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Should the 14-day limit on embryo research be extended?

Strict regulation can help—not hinder—scientific progress

By Philip Ball  

©Human embryonic stem cells, in cell culture

In 1984, a committee appointed by the British government to draw up guidelines for in vitro fertilisation (IVF) in the wake of the birth of Louise Brown, the first “test-tube” baby, recommended that scientific research on human embryos should be permitted up to a maximum of 14 days after conception.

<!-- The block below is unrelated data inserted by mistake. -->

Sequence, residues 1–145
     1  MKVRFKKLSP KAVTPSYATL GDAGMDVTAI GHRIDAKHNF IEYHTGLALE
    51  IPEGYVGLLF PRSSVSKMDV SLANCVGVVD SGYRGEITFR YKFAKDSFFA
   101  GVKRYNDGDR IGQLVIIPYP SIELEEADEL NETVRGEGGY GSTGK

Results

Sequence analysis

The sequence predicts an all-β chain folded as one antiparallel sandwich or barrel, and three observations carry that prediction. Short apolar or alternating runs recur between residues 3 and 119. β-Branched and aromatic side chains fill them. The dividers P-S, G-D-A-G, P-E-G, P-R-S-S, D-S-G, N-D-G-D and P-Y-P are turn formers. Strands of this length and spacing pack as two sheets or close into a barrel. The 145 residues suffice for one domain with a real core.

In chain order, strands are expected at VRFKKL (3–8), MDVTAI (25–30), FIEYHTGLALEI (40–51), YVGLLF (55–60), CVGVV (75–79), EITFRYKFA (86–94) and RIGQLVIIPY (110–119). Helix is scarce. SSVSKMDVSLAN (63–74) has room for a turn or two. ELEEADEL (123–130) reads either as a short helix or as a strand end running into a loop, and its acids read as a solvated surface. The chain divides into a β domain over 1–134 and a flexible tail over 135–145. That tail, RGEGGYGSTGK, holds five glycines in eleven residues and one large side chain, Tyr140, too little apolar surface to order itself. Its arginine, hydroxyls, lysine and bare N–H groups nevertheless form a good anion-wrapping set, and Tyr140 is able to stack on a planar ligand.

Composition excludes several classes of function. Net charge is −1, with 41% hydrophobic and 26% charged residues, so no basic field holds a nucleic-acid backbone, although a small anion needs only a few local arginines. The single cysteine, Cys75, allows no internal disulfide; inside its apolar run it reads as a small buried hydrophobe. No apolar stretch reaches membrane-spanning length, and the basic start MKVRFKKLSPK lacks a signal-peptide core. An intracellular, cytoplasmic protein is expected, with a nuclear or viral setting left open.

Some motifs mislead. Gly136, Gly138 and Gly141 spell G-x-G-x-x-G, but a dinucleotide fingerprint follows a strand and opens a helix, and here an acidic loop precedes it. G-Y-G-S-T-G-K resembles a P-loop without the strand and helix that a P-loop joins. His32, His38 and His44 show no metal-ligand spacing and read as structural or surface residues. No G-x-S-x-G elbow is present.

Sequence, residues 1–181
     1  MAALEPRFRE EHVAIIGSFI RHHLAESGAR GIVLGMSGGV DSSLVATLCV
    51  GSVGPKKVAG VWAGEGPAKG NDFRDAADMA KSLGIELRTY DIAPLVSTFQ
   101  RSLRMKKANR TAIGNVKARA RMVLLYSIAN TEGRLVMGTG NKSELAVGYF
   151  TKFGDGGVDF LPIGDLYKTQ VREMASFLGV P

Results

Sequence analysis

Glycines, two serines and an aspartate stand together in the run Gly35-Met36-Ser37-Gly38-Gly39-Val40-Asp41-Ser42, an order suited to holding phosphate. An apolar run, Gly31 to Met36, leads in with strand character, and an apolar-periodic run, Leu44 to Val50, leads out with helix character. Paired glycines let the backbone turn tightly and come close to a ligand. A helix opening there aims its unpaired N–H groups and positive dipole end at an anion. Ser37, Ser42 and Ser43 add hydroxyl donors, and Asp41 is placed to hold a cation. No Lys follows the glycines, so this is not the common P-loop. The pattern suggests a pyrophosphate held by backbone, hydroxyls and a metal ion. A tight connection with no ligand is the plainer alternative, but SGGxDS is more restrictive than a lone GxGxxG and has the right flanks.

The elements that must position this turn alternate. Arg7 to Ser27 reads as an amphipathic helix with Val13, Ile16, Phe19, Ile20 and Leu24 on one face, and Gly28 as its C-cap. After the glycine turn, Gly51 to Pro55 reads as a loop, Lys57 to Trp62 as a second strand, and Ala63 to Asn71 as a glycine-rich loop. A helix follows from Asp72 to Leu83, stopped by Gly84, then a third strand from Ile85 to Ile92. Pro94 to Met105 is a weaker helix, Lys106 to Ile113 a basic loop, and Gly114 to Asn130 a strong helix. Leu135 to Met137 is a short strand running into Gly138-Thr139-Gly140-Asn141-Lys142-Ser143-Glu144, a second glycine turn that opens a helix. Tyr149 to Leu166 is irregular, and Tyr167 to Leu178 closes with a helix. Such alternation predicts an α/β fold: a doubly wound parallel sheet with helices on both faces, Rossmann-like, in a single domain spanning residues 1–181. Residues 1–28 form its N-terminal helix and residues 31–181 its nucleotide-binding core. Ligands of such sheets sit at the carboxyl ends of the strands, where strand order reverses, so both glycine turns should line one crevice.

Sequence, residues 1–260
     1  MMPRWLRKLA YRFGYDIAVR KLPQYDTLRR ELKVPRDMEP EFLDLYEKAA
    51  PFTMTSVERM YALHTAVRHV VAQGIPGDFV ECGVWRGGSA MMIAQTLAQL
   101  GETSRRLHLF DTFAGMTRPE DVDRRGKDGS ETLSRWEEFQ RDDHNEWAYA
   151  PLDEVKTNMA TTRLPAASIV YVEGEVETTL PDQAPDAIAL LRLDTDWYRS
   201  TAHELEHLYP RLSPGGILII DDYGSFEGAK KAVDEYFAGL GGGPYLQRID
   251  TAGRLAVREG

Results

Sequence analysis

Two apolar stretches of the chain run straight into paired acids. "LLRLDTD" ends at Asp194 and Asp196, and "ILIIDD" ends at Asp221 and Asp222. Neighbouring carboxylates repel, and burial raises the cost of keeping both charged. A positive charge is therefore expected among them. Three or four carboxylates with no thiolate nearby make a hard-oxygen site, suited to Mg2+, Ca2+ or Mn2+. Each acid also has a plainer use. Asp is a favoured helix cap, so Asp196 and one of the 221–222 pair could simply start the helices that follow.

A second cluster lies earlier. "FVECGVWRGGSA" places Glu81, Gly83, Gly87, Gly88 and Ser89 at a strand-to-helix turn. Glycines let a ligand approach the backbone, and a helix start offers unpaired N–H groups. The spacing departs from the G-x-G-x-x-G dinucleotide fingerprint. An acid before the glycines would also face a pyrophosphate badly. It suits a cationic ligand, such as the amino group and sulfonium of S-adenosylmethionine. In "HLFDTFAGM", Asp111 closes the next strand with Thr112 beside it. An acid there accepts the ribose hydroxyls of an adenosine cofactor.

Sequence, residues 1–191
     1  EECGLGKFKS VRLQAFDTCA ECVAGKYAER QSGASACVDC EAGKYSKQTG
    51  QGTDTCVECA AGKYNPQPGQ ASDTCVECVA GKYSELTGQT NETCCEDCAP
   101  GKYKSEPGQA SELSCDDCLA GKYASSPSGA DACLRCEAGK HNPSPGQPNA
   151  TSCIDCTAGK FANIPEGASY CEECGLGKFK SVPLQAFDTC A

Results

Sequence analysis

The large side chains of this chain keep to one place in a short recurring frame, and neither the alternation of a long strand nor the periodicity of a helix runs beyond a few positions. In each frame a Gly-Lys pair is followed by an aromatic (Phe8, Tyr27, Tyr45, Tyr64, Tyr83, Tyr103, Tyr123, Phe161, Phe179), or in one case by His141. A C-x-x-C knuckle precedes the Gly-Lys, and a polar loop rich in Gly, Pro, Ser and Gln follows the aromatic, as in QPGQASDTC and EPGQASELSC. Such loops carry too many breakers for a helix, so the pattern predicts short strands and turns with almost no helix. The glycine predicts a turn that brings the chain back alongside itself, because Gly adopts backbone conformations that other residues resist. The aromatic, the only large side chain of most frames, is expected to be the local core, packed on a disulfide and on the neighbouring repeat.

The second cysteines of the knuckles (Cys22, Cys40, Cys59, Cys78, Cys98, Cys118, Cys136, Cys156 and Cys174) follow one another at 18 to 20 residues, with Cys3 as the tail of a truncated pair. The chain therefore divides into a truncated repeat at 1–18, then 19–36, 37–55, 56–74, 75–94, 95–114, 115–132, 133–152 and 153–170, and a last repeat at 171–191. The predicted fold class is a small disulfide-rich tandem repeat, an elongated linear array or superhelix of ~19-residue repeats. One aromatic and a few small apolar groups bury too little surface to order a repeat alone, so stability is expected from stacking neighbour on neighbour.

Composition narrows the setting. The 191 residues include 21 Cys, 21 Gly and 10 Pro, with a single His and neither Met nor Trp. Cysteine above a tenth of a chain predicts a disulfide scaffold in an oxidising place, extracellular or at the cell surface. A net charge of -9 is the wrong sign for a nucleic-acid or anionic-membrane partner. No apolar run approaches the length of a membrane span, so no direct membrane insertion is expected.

The recommendations of this report, led by moral philosopher Mary (now Baroness) Warnock, didn’t become law until the Human Fertilisation and Embryology Act was passed by…

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